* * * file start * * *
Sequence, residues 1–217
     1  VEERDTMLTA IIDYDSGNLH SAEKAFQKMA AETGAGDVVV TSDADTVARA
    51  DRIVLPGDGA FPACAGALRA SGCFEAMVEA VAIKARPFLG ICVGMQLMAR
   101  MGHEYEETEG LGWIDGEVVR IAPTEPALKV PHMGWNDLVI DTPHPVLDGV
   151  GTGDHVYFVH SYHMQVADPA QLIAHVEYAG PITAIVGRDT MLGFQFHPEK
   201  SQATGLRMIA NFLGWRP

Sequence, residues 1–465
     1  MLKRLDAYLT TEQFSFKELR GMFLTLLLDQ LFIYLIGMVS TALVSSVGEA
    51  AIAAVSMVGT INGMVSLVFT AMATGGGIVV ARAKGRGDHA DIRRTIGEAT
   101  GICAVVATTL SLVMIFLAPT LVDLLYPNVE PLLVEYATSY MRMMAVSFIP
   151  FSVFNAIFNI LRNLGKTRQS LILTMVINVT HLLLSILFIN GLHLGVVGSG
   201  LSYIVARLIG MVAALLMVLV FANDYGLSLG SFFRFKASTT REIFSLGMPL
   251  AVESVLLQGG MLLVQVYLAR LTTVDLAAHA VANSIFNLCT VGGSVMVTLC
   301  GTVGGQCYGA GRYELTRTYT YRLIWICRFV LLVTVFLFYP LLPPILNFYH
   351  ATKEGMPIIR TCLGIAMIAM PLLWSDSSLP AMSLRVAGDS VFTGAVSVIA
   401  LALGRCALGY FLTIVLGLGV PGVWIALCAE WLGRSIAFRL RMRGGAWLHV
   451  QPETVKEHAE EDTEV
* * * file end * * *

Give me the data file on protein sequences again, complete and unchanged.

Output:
Sequence, residues 1–217
     1  VEERDTMLTA IIDYDSGNLH SAEKAFQKMA AETGAGDVVV TSDADTVARA
    51  DRIVLPGDGA FPACAGALRA SGCFEAMVEA VAIKARPFLG ICVGMQLMAR
   101  MGHEYEETEG LGWIDGEVVR IAPTEPALKV PHMGWNDLVI DTPHPVLDGV
   151  GTGDHVYFVH SYHMQVADPA QLIAHVEYAG PITAIVGRDT MLGFQFHPEK
   201  SQATGLRMIA NFLGWRP

Sequence, residues 1–465
     1  MLKRLDAYLT TEQFSFKELR GMFLTLLLDQ LFIYLIGMVS TALVSSVGEA
    51  AIAAVSMVGT INGMVSLVFT AMATGGGIVV ARAKGRGDHA DIRRTIGEAT
   101  GICAVVATTL SLVMIFLAPT LVDLLYPNVE PLLVEYATSY MRMMAVSFIP
   151  FSVFNAIFNI LRNLGKTRQS LILTMVINVT HLLLSILFIN GLHLGVVGSG
   201  LSYIVARLIG MVAALLMVLV FANDYGLSLG SFFRFKASTT REIFSLGMPL
   251  AVESVLLQGG MLLVQVYLAR LTTVDLAAHA VANSIFNLCT VGGSVMVTLC
   301  GTVGGQCYGA GRYELTRTYT YRLIWICRFV LLVTVFLFYP LLPPILNFYH
   351  ATKEGMPIIR TCLGIAMIAM PLLWSDSSLP AMSLRVAGDS VFTGAVSVIA
   401  LALGRCALGY FLTIVLGLGV PGVWIALCAE WLGRSIAFRL RMRGGAWLHV
   451  QPETVKEHAE EDTEV